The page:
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The Untold Way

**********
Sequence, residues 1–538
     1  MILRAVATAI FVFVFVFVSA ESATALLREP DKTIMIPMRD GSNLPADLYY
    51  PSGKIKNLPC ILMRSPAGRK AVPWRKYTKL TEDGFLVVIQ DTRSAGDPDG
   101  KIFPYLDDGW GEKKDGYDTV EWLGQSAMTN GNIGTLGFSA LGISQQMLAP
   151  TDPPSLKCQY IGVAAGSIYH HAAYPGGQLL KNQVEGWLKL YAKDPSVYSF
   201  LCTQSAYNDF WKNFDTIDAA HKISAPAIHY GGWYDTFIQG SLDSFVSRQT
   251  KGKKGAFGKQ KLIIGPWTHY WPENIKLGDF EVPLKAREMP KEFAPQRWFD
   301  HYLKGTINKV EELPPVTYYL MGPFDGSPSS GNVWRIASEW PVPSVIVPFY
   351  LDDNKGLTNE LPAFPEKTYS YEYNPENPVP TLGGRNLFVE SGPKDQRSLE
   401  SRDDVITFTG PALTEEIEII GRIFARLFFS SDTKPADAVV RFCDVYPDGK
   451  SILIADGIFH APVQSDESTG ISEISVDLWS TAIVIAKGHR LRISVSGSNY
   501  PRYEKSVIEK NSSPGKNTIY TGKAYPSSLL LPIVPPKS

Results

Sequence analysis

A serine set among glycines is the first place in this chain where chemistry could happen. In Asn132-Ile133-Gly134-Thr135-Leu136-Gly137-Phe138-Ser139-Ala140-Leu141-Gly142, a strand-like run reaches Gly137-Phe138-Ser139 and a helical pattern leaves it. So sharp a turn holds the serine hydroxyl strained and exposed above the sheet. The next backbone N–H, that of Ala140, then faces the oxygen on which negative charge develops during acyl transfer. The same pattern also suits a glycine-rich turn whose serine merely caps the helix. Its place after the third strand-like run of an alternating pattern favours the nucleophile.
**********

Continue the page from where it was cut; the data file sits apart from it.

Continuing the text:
Sascha Borchardt, aka Monoloc, is a dystopic atmospheres fanatic that has dedicated his life to the dancefloor from an early age. The Frankfurt-born artist's raw, yet sleek take on techno and ambient has evolved to characterize his own musical style in his productions. Monoloc's sound is a mixture between techno, dub and ambient, nurturing a tone that is driving, groovy and low-slung, but with greater emotional range. He acquires most of his inspiration from old movies and likes to work mostly with field recordings in his productions. The Untold Way is his second album, following Drift (CLR 011CD, 2012), and shows a notably matured development in the artist's style. Sascha explores the distant realms between the pillars of genres, presenting a 12 track album of techno but it proves to be uniquely different - left-field, keeping a foot in ambient, with elements outside of the dancefloor. He brings together the concept of an album written in his own language of atmospheric patterns, melodies and fragments of words and voices. Instead of functional four-to-the-floor tracks, he explores the meaning and depths of dark, melancholic music. The Untold Way starts with the ambient "Revive", slow and gentle yet apprehensive. As the listener moves through the album they catch glimpses of almost formed club tracks, in "The Untold Way", "Michigan Lights", "Gravity Growl" and "Alighting". These have remnants of a dancefloor impression, a prominent beat is there, but not much more. At other points you see Monoloc's more experimental side. "No GHSTS" featuring Tijana T evokes a resounding beat filling an empty space, with the occasional piano melody and eerie vocal. "Cloning Society" is beat-less, driven merely by a consistent bass and echoing voice. The album is interspersed with short ambient interludes, each just a few minutes long: "Lowa" and "Gently Falls", serene and reflective, give the listener time to breathe. And bringing you back to familiarity are more the dancefloor focused tracks of the album, "Momentum" and "Muted". The last track, "Ground Disorder", brings the album to a halt with an air of nostalgia. The result is a story, a history in twelve chapters that the listener is guided through like the landscapes of a gothic horror film, with a new twist on the percussion or surprising effect hidden behind every bass sound.